Eventually, I realized that reading the passage a second time didn’t actually help me understand it any more. After making sense of confusion in context, I enjoyed the book more or they weren’t necessary for me to enjoy it.
It’s been reported that “untrained subjects engage in regression (conscious rereading) and back-skipping (subconscious rereading through misplaced fixation) for on average 30% of total reading time.” That’s a lot. If you let go of trying to comprehend everything you hear or see, you’ll save time not having to re-visit places you’ve already seen.
5. Access More
Learning to read takes time, as with all worthwhile pursuits. Over time, your skills will improve. Before, I thought setting reading goals every day or every year was foolish. There is no need to force yourself to read. In fact, I find that setting goals motivates me to carve out more reading time. As a result, I read more books faster.
Of course, you should always read at your own pace to make the most of a book. Having the ability to read 1800 words a minute might sound great, but I don’t want to be a John Travolta like in Phenomenon.
Who cares if you spend hours on a truly great story? Literature should be enjoyed. As long as there are books in the world, there is only so much time in the day. Rather than rushing through a lot of books you don’t want to read, it’s better to fully enjoy the ones you want to read.
Focus on keywords instead of reading every word.
The meaning of the sentence can be understood without reading the entire sentence. The information you need is stored in keywords longer than three letters. Try indenting instead of writing ‘The rabbit nibbled on his carrot.’ It is a popular method for improving your peripheral vision. A quarter-inch from the beginning and end of the sentence, look towards the middle of the sentence.
As a beginner, this might seem unnatural, so draw some pencil guides down the page as stabilizers. When your gaze is focused on the middle chunk of words in the sentence, the whole phrase will begin to absorb your gaze. Please stop subvocalizing. Subvocalizing refers to accidentally speaking aloud and mumbling the words as you read. You have to slow down your reading because your mind moves faster than your words. Subvocalizing can be overcome by chewing gum or humming along with your reading.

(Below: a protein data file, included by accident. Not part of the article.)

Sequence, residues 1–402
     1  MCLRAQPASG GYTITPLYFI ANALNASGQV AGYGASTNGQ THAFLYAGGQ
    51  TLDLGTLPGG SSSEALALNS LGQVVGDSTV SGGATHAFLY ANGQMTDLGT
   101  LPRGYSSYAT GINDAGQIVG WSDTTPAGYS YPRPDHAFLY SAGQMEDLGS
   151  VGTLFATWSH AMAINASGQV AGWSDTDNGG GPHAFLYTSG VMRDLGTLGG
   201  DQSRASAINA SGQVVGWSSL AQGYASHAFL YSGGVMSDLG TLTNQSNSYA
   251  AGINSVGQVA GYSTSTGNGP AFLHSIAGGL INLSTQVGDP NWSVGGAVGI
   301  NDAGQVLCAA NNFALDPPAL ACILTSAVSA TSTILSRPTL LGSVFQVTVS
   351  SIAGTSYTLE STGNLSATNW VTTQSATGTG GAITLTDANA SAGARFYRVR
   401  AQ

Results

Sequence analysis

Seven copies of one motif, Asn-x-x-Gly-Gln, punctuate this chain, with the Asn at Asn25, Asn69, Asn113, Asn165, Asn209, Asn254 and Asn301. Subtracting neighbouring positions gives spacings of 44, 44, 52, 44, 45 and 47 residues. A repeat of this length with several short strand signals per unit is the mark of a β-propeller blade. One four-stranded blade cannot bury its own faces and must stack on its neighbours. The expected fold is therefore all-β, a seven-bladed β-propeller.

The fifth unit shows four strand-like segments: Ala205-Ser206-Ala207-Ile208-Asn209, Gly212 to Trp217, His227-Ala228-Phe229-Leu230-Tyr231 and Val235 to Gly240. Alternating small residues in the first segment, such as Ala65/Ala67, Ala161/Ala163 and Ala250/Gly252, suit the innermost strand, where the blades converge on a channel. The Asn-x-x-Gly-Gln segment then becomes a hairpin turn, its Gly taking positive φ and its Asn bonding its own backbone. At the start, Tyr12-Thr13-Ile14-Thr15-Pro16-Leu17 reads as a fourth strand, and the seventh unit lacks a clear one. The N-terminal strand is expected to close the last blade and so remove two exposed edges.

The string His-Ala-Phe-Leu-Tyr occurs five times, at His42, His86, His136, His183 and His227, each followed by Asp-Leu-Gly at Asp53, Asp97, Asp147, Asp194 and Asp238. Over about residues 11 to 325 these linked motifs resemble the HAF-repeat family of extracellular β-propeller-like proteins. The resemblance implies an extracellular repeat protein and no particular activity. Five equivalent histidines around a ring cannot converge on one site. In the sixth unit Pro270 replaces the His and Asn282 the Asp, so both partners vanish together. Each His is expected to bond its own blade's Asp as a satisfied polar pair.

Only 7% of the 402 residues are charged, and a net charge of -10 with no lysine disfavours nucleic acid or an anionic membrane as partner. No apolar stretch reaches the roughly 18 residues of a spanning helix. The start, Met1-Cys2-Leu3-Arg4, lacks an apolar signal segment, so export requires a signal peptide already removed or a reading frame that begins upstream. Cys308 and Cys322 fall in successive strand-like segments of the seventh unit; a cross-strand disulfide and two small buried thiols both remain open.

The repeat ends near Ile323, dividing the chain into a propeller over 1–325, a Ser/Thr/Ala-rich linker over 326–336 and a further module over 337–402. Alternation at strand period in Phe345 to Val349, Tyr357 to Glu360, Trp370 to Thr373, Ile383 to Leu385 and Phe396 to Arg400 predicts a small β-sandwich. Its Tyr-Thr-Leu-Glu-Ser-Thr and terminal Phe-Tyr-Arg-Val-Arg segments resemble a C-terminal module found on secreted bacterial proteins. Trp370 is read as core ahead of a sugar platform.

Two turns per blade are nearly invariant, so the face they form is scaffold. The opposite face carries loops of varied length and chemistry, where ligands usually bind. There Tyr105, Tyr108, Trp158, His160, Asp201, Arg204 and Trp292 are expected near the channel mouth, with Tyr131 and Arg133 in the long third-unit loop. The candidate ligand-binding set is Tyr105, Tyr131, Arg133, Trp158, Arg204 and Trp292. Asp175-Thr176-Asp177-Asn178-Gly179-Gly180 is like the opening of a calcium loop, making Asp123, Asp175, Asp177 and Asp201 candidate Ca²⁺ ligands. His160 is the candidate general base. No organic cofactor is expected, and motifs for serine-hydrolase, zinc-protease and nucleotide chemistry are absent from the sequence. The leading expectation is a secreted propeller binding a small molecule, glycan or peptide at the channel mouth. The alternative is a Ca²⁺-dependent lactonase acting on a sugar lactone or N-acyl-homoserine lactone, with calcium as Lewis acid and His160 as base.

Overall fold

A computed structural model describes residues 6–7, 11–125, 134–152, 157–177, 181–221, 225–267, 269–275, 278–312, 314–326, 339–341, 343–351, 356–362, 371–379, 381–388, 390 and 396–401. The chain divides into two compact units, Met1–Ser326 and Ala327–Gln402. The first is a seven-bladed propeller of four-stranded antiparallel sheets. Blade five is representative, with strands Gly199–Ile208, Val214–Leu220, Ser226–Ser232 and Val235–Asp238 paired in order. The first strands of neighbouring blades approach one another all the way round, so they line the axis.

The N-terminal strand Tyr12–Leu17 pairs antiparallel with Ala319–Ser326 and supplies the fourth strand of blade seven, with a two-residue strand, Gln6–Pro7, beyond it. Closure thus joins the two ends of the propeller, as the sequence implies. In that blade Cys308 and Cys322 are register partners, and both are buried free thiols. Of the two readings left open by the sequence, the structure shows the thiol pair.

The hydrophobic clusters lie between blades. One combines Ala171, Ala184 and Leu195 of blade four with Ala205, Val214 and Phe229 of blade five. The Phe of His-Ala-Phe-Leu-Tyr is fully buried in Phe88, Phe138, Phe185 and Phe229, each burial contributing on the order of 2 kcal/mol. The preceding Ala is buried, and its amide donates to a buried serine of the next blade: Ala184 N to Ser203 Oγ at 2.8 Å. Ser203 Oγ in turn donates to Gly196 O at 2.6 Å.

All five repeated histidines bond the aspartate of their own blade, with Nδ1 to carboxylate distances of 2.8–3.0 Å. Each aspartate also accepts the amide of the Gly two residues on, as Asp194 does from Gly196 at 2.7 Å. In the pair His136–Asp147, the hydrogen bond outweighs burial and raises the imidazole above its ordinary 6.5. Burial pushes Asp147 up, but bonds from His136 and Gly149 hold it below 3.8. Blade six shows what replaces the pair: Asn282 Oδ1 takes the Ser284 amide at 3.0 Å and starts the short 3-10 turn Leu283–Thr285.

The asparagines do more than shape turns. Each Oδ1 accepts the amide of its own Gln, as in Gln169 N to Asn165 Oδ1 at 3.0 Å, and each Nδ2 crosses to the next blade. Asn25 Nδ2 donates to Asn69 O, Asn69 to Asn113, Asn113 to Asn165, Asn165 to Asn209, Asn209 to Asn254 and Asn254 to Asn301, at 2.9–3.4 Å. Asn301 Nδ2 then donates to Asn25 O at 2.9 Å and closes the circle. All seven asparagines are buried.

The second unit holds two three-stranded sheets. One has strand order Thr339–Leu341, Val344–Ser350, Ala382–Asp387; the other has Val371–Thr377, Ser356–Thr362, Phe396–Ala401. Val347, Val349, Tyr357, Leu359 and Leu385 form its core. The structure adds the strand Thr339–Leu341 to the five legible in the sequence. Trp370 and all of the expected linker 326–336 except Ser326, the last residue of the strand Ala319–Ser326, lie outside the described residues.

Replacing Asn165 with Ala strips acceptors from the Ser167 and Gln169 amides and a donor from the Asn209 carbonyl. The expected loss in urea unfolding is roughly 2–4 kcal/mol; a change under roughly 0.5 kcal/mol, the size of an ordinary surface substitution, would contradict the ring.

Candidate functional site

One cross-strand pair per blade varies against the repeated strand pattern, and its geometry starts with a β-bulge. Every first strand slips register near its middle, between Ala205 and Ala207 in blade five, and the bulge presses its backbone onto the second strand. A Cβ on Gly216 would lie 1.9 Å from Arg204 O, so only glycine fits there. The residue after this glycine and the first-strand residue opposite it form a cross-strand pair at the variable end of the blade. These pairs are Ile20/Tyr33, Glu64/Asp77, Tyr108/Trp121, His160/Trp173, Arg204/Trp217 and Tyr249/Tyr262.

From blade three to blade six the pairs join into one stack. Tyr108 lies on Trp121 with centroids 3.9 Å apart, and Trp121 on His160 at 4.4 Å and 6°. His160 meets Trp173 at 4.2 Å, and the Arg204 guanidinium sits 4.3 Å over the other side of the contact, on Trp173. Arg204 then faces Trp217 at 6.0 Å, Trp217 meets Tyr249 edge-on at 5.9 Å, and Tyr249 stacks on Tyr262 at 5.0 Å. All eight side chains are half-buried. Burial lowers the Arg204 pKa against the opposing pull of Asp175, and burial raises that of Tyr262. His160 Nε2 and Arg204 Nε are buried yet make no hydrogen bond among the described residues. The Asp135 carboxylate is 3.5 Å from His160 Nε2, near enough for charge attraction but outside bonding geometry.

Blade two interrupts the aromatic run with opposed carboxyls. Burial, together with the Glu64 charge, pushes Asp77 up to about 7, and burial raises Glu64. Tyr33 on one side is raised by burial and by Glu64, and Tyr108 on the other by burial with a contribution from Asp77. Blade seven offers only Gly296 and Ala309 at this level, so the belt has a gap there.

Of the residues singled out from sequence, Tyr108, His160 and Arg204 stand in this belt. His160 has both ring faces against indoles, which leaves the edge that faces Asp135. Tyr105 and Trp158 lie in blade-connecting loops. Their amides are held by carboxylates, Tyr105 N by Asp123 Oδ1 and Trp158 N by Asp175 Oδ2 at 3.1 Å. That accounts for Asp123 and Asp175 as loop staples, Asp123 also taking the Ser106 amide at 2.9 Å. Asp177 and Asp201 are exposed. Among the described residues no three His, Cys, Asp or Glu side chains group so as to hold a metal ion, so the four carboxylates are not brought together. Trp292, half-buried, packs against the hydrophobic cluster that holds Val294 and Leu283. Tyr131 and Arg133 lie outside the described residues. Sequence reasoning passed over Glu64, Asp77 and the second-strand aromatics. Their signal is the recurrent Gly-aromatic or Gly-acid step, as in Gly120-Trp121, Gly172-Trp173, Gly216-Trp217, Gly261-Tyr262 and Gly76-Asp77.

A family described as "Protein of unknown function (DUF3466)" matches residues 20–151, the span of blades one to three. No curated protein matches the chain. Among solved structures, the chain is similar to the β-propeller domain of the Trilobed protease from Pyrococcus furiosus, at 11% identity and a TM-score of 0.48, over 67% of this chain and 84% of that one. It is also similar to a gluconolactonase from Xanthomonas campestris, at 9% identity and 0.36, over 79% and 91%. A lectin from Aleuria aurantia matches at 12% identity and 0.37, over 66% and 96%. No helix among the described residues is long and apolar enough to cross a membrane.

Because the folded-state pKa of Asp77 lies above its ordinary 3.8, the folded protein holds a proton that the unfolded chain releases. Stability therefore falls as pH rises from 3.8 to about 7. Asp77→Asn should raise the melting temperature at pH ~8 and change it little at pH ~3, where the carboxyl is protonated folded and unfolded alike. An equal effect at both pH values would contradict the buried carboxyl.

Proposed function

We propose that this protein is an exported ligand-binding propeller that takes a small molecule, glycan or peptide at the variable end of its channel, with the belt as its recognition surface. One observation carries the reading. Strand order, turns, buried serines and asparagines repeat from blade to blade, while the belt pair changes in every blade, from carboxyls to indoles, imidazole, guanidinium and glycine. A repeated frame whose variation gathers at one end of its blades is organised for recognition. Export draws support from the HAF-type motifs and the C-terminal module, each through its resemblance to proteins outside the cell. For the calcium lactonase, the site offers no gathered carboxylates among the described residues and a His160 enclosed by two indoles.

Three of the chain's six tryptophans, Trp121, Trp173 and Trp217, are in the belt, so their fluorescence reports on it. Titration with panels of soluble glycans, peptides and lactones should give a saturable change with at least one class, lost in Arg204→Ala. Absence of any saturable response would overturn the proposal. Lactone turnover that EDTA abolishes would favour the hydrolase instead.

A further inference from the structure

You will be pushed on by the rhythm of these actions and fail to form every word into a sound. Guide yourself with your finger. Your gaze will be drawn to your finger because we are naturally drawn to movement. Zig-zag your finger as fast as you can. In addition to reading faster, you’ll stop subvocalizing every word.
Do the white card trick and see what happens. Some schools teach students to place a white card beneath the line they are reading. When children need to review new vocabulary, this method is helpful. You are effectively slowing yourself down by hiding the sentences that will follow. Reading should not be a double-checking process for competent adult readers. Using the white card, cover the sentences you just read by placing it over the line you are reading.
As a result, you eliminate regression and gain confidence, pushing you forward on the page. Focus is essential to speed. It’s easy to chat, daydream, or send a text message while you’re walking. You’re splitting your attention with these extra actions. But when you run, you have to keep your focus on the task at hand. As with running, going faster increases your focus and makes you more confident.